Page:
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Observing Sniffy -

Shaping and Extinction under an


FR1 Schedule and Its Application to
Current Research

Student: Alan Cummins 1165236 Course: PSY286 Lecturer: Dr. Sinead Eccles
Contents

Account of Cumulative Records for Shaping and Extinction .......................................................... 3


Observation Sheet 1 – Shaping Sniffy Using FR1 Schedule ............................................................ 6
Observation Sheet 2 – Extinction.................................................................................................... 7
Observational Record Behavioral Repertoire Key Guide................................................................ 8
Cumulative Records ........................................................................................................................ 9
Shaping and Extinction Using an FR1 Schedule – Application in Current Research ..................... 11
References .................................................................................................................................... 18

Student: Alan Cummins 1165236 Course: PSY286 2 of 20


Account of Cumulative Records for Shaping and Extinction

Sniffy had previously been shaped to associate the sound of the foot-dispenser with the

dropping of a food pellet. That is Sniffy had already been magazine trained. There were two

reinforcers in use: Food as the primary reinforcer and sound as the secondary reinforcer. The

operant-level or base-line level behaviour for Sniffy was that of mixed exploration, sniffing and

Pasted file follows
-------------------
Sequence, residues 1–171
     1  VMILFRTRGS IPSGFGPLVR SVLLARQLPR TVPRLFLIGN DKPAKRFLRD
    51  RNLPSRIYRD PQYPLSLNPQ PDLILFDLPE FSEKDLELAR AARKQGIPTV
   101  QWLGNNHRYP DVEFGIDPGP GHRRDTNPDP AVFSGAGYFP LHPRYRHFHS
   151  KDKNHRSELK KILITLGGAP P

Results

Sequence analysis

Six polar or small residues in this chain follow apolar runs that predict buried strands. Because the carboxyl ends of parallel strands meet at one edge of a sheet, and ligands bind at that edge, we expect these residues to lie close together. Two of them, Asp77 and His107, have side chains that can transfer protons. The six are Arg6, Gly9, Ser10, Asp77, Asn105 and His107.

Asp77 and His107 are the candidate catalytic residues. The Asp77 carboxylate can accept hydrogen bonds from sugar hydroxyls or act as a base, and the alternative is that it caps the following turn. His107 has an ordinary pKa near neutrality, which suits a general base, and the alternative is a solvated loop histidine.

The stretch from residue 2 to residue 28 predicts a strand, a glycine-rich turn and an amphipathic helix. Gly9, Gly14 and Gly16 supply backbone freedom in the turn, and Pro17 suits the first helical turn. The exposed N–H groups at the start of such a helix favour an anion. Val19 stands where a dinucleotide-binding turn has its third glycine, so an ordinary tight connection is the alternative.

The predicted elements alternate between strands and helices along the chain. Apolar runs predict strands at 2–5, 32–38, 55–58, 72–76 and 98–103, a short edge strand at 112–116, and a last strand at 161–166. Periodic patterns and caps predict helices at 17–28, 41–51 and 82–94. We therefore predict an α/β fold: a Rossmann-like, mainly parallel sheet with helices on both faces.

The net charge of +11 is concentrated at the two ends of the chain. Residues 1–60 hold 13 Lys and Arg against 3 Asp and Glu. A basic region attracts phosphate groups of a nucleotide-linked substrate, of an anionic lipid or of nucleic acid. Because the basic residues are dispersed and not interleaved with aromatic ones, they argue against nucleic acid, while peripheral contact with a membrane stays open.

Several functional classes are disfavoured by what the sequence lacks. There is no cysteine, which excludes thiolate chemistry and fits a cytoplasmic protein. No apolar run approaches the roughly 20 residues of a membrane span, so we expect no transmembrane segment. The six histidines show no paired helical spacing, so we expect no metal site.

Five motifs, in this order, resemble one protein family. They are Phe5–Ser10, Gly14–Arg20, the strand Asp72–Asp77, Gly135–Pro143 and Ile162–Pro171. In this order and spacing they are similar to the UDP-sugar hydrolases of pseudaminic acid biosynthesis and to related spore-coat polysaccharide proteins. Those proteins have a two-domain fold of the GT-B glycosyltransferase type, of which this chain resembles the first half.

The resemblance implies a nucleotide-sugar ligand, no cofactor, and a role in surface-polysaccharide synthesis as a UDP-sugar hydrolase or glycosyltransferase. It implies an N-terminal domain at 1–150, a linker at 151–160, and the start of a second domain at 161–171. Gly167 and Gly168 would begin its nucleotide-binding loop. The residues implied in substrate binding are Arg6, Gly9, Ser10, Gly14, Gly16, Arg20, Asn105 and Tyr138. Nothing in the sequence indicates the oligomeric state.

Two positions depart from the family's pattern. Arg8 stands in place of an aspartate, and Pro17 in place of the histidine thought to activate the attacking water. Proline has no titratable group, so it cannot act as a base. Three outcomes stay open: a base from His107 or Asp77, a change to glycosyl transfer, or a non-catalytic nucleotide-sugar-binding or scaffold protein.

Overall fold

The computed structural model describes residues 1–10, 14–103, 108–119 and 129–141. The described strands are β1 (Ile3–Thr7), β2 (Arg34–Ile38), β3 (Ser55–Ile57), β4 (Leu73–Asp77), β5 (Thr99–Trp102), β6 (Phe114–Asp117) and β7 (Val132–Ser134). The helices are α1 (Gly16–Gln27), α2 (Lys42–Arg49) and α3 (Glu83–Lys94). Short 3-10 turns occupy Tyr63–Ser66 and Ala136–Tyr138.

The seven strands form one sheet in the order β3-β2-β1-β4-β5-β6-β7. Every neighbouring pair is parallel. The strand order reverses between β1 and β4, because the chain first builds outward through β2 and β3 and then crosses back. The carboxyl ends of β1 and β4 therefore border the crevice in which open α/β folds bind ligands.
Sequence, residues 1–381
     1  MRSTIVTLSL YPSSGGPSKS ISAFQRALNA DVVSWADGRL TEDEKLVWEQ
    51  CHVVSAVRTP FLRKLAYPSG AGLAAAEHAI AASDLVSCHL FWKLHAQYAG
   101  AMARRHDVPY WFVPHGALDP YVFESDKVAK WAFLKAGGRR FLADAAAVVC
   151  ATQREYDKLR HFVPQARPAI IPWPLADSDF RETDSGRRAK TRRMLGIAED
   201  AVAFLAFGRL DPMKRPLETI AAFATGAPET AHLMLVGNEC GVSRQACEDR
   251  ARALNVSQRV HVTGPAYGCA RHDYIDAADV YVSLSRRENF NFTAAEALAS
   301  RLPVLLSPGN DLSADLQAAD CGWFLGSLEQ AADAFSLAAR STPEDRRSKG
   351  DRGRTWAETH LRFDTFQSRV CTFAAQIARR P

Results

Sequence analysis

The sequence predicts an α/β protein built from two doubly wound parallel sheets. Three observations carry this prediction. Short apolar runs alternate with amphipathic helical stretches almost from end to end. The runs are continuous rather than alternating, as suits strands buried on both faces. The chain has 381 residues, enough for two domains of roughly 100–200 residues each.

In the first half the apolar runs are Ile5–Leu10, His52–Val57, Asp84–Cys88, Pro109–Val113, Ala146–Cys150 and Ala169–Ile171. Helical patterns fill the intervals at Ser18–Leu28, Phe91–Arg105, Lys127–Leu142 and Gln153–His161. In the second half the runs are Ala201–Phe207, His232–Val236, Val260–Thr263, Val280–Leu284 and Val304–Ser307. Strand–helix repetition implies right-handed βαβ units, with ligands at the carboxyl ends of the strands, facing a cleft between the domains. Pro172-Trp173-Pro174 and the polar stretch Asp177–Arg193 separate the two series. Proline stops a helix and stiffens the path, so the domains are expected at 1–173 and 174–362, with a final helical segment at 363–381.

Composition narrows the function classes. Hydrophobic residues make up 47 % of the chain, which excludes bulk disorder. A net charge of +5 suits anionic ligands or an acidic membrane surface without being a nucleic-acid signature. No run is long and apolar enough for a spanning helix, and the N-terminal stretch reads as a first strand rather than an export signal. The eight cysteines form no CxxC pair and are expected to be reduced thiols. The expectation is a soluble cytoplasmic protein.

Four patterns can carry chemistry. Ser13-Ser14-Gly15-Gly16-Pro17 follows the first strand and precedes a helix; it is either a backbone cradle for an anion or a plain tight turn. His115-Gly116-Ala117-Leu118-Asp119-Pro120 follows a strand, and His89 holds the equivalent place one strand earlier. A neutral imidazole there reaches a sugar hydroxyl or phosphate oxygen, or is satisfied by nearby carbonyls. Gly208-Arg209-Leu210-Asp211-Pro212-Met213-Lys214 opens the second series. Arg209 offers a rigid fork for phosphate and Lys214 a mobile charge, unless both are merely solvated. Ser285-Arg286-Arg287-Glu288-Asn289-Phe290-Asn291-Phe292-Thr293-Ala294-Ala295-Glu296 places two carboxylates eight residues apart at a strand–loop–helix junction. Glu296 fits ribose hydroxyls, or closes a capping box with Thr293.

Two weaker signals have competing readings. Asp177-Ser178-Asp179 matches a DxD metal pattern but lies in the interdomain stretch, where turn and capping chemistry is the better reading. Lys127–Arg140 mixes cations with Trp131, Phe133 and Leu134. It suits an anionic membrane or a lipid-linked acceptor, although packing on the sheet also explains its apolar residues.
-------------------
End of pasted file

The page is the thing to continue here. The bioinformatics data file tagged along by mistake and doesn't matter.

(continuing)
rearing up against the cage walls. This operant level had its rate and pattern of emitted

responses noted. Based on Skinner, 1938 operant conditioning was carried out, where the

animal was presented with a reinforcing stimulus, that of food, immediately following the

occurrence of the given response, namely button-pressing.

The cumulative records (See Figure 1 and Figure 2) consist of sections split into 5 minute

segments with 75 responses till he market returns to its base position. Reinforced responses

are marked by short oblique lines in the records.

Shaping (See Figure 1)

Conditioning occurs if and only if the response rate increases in rate of occurrence, magnitude

or relative frequency or decreases in latency as a consequence of the conditioning. The shaping

of Sniffy was carried out using reinforcement of successive approximations of the desired target

behaviour. As indicated in Table 1 actions such as rearing up, paw lifting and so on were

reinforced to train Sniffy to move closer to the food dispenser and finally to associate the action

of bar pressing with the reward of food. Looking at Figure 1 it can be seen that Sniffy began

with occasional spontaneous bar presses causing food dispensation but spent most time

Student: Alan Cummins 1165236 Course: PSY286 3 of 20


exploring and grooming. As Sniffy began to move towards behaving in a desirable manner he

was reinforced with food pellets. The action strength increased thereby strengthening the

linking of behaviour to obtaining food. Four major behavioural changes can be seen on the

cumulative chart. There was an increase in response frequency, noted by the number of

reinforced responses as the training progressed and also by the steepness of the cumulative

line. Other behaviour such as locomotion and grooming decreased as paw lifting and bar

pressing increased. There was sequential change in the responding. That is there was a steady